This Week on Stage: James Franco dishes, Audra McDonald dazzles (again)

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Image Credit: Richard Phibbs

Lesson learned this week on Broadway: if he does not like what you wrote about him, James Franco will call you “a little bitch”. Franco, who made his Broadway debut this week in Of Mice and Men opposite Bridesmaids charmer Chris O’Dowd, took on the New York Times’ Ben Brantley on Instagram, making it the 453rd silly thing he’s done this year. (Or is it incredibly shrewd and constant self-promotion? One cannot be sure.) In more benevolent news, a bevy of much-loved stage, film, and TV triple threats returned to their roots, including Audra McDonald (channeling the haunted spirit of Billie Holiday, and amazingly so at that), Tony Shalhoub (a nominee last year for Golden Boy and could be again this year), Annette Bening (owning the stage as early 1900s performer Ruth Draper), and the now-film-retired Steven Soderbergh, making a dent Off-Broadway with a new play by frequent collaborator Scott Z. Burns, starring Carrie‘s Chloë Grace Moretz.

(Click on the links below for full reviews)

 Act One  Moss Hart’s foray into the theater world is crafted into a new play based on Hart’s autobiography, starring both Tony Shalhoub and Santino Fontana as the famous writer. Melissa Rose Bernardo checked out the lavishly produced play and thinks that Act One (and two, for that matter) need a little work: “as we watch Hart and [George S.] Kaufman worry and squabble and wrestle with their play-in-progress, the irony is inescapable: How can Act One—a show that spends so much time dissecting and trying to perfect another show—be so unaware of its own imperfections?” EW grade: B-

Lady Day at Emerson’s Bar & Grill  The troubled, drug-abusing chanteuse Billie Holiday — who died at age 44 –gave a memorable performance at a Philly lounge just before passing, and five-time Tony winner Audra McDonald takes the reins in the first-ever Broadway mounting of Lanie Robertson’s regional staple. Will Ms. McDonald be adding a another trophy this year? Senior editor Thom Geier has no doubt. “McDonald delivers a mesmerizing performance that is not so much an act of mimicry or even impersonation as it is a transformation. A record-breaking sixth Tony Award seems like a foregone conclusion.” EW grade: A-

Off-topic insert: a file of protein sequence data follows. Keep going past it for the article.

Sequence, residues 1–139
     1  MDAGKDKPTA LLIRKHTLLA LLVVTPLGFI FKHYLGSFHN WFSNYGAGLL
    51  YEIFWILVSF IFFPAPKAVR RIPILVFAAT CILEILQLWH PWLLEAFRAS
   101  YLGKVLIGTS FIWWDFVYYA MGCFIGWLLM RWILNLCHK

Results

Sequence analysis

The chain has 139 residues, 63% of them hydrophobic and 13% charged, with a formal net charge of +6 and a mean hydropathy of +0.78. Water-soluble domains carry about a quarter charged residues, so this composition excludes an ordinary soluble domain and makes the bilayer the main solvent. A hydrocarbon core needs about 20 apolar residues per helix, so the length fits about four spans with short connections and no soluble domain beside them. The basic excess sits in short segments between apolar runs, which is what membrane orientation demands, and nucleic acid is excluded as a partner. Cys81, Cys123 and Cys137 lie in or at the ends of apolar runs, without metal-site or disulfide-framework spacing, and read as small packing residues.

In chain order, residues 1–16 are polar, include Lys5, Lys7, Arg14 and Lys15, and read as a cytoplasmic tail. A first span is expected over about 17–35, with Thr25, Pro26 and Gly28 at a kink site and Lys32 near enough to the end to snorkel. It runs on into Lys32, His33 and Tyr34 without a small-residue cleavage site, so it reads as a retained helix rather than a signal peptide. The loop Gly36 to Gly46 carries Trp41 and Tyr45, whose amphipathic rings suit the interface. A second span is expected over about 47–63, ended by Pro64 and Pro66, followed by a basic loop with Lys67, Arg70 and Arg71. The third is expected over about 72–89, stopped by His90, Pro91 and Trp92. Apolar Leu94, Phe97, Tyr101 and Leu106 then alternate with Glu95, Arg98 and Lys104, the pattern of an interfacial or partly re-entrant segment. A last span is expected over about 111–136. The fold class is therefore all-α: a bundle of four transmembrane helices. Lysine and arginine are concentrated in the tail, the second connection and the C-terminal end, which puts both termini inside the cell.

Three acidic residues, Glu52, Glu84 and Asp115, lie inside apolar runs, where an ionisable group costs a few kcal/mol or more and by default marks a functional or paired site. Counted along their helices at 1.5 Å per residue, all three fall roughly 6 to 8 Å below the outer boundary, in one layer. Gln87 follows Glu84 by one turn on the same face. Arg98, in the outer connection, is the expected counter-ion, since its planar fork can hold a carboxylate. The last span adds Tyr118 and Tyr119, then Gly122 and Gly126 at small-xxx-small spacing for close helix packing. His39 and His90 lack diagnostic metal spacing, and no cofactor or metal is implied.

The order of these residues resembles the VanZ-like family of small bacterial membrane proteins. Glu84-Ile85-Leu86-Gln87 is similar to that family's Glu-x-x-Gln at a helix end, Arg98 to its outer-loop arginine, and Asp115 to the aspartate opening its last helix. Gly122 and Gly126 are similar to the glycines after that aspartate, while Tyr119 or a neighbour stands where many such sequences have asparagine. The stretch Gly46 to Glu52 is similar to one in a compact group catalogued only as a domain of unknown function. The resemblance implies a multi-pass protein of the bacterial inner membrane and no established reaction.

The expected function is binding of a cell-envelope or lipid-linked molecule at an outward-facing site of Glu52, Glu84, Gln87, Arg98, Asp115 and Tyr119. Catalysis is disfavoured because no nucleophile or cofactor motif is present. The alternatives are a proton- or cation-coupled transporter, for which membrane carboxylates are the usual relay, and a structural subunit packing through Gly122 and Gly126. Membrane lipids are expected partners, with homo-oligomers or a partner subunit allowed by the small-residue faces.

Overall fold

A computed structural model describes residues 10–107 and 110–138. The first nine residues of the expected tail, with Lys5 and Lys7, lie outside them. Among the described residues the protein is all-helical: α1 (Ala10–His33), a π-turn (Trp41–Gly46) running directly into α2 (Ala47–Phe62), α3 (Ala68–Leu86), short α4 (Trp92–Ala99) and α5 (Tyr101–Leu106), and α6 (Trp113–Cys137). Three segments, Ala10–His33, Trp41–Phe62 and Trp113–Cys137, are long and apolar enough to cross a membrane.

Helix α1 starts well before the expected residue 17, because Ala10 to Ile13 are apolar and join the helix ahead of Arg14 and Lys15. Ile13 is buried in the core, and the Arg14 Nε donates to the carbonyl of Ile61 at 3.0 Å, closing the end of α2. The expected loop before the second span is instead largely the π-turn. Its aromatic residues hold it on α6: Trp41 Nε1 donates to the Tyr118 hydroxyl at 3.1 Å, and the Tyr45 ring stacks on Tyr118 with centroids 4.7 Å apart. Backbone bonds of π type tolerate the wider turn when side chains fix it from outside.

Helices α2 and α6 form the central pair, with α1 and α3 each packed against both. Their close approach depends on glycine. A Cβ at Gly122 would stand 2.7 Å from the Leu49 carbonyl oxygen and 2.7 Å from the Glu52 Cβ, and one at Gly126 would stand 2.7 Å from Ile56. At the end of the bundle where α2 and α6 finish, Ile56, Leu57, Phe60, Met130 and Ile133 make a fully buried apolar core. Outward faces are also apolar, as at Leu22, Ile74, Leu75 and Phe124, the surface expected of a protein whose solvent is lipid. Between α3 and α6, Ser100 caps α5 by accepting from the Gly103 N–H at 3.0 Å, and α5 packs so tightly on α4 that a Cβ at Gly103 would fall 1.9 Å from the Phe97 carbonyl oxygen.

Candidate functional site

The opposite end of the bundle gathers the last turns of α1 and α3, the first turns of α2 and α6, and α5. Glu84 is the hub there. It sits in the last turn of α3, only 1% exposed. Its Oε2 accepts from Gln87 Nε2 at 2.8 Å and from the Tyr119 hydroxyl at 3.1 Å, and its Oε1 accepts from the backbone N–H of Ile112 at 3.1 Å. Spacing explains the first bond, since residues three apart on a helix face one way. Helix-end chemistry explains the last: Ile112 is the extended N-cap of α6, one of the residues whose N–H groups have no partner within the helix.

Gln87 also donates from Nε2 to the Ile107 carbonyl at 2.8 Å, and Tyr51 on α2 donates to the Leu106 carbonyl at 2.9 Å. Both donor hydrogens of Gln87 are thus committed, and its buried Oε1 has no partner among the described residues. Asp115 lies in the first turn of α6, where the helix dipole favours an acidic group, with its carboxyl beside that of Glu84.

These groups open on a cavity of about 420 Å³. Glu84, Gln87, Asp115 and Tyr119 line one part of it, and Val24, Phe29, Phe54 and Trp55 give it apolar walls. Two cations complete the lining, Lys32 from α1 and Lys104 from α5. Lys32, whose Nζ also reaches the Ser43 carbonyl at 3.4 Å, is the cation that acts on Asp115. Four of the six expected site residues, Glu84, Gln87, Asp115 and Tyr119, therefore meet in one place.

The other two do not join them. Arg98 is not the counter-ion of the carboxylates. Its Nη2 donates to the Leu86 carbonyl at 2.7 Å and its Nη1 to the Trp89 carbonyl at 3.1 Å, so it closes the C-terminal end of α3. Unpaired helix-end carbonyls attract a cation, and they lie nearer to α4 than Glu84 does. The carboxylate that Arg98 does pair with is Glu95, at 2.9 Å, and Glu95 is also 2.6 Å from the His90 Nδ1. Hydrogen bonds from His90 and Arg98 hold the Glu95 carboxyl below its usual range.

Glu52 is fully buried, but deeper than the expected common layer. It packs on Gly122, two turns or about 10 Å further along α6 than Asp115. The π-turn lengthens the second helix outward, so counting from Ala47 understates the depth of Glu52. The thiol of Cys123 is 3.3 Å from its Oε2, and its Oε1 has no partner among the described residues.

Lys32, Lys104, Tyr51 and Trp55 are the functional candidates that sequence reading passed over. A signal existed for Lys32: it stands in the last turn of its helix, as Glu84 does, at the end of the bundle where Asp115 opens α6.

The Library  Steven Soderbergh turns his keen, Oscar-winning eyes to the downtown stage, with a heady drama about the aftermath of a school shooting, with an ensemble that includes the above-mentioned Moretz, Jennifer Westfeldt, Lili Taylor, and Daryl Sabara. Thom Geier agrees that the new medium suits him just fine: “Soderbergh may have ”retired’ from movies, but thank heavens he has not completely abandoned directing”, and has much praise for the teenage leading lady, anointing Moretz “a knockout.” EW grade: B+

Of Mice and Men  The ubiquitous and jack-of-any-and-all-trades James Franco can now cross Broadway off his bucket list, with his Main Stem debut opposite comic actor Chris O’Dowd as George and Lennie, respectively, in this revival of the classic John Steinbeck drama. Franco would have a hard time calling our own Thom Geier the B-word given his kind words for the actor (“[Franco] shows a relaxed stage presence and real charisma”) but our review was much keener on his 6’3″ costar’s debut, adding “O’Dowd’s riveting performance is a study in underdeveloped impulse control…though his native Irish accent occasional pokes through, O’Dowd makes Lennie sympathetic without ever stooping to caricature.” EW grade: B

Ruth Draper’s Monologues Though she hasn’t appeared in a Broadway production in over 25 years, Annette Bening has been a steady presence on the L.A. stage in recent years, and her latest starring role is a buoyant solo effort utilizing the classic monologues of the late Ruth Draper, a noted dramatist and actress just after the turn of the century. Laura Hertzfeld made a case that Ms. Bening should absolutely headline more productions,: “It’s refreshing to see Bening, best known for her more serious, Oscar-nominated turns in films like American Beauty and The Kids Are All Right, exercise her comedic chops on a series of over-the-top women…Monologues is a unique double act of rediscovery — of the talented Bening at her most light-hearted and of the brilliant and funny work of Ruth Draper.” EW grade: A-

 

 

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